Well, here is my main idea. Counter-intuitively the magnitude of longevity risk, which technically is the coefficient of variation of your remaining life, actually increases as mortality rates spike. Moreover, if episodes of covid-19 are now part of the new non-normal then over the foreseeable future longevity risk will be higher rather than lower. Ergo, annuities will become even more important going forward. Longevity risk is not that you might live a long time (the first moment). Rather, it’s about the uncertainty around that expectation (a.k.a. second moment.)
Explaining this simple statistical idea is critical if the insurance industry hopes to convince soon-to-be retirees (and the media) to encourage protection against an event that is decades away, and less likely than before.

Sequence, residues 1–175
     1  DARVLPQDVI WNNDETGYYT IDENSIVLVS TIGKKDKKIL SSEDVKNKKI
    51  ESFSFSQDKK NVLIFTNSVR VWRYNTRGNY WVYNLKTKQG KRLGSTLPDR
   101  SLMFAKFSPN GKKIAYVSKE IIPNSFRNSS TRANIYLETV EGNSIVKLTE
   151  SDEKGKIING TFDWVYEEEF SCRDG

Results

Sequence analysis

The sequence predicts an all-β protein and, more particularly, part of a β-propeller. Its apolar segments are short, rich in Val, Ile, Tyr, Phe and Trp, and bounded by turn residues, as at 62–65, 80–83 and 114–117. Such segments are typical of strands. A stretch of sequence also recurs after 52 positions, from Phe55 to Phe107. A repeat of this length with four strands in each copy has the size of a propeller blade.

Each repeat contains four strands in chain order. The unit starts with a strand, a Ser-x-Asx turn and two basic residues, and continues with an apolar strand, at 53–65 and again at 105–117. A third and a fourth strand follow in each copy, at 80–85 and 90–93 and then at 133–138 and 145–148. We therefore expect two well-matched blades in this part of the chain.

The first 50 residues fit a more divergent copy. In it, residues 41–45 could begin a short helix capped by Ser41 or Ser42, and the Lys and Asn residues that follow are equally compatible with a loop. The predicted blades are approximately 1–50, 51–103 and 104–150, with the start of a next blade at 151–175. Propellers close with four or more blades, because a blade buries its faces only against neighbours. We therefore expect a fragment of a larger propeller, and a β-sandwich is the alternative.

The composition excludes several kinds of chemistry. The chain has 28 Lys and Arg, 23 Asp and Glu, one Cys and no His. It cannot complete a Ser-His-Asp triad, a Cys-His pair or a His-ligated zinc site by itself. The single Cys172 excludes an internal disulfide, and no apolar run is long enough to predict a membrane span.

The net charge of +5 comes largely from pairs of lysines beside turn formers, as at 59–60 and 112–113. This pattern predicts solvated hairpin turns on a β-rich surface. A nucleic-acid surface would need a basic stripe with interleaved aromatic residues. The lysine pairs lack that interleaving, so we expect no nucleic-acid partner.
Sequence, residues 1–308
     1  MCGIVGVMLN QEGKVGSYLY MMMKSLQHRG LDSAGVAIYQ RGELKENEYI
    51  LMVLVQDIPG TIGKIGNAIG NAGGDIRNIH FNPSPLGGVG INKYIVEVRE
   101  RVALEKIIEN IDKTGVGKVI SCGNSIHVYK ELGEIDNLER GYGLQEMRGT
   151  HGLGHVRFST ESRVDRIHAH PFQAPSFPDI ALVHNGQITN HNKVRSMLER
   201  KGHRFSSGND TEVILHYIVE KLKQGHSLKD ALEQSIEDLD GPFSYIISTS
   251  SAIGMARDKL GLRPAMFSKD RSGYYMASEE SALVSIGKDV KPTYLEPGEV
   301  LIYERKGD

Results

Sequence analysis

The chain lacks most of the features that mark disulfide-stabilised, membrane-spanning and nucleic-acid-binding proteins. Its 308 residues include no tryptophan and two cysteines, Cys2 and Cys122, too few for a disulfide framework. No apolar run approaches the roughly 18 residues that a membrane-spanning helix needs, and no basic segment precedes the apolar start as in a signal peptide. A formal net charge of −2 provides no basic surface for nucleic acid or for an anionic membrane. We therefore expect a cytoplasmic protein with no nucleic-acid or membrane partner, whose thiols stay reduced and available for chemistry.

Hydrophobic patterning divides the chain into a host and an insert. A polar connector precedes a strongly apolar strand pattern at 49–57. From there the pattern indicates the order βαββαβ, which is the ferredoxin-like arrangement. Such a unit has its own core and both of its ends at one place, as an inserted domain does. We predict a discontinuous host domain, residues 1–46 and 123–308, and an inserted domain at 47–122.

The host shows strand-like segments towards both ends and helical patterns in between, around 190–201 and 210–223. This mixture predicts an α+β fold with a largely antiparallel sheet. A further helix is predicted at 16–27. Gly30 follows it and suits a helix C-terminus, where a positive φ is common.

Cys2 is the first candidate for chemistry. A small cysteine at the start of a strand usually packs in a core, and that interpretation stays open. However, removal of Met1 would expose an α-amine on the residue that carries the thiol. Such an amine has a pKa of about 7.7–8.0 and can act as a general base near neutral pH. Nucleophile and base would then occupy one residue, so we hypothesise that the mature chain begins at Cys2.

The following table – which will be justified in greater detail in the above noted presentation and the full length article (I promise) — illustrates this main insight using a well-established (a.k.a. Gompertzian) model of longevity. The first row represents normal times when the life expectancy of a typical (average) 65-year-old retiree is 20.11 years (living to age 85), and the standard deviation of life is 9.11 years. In the fourth column the coefficient of variation, which is the ratio of the latter to the former, is 45.3%. From a cold quantitative perspective personal (idiosyncratic) longevity risk really is just a number and for a typical 65-year-old retiree that number is 45.3%. To place that 45.3% (ok, compared to what?) in perspective, it’s actually larger than the normal volatility of the stock market VIX, or the variability of the weather on any given day in May. In fact, pension plans and insurance actuaries keep a very close eye on this number, although they compute it for pensionaries in aggregate versus individually. See reference  for more on that. But to be clear, this 45.3% personal longevity risk is during normal times. Now let’s examine what happens during a shock to the term structure of mortality.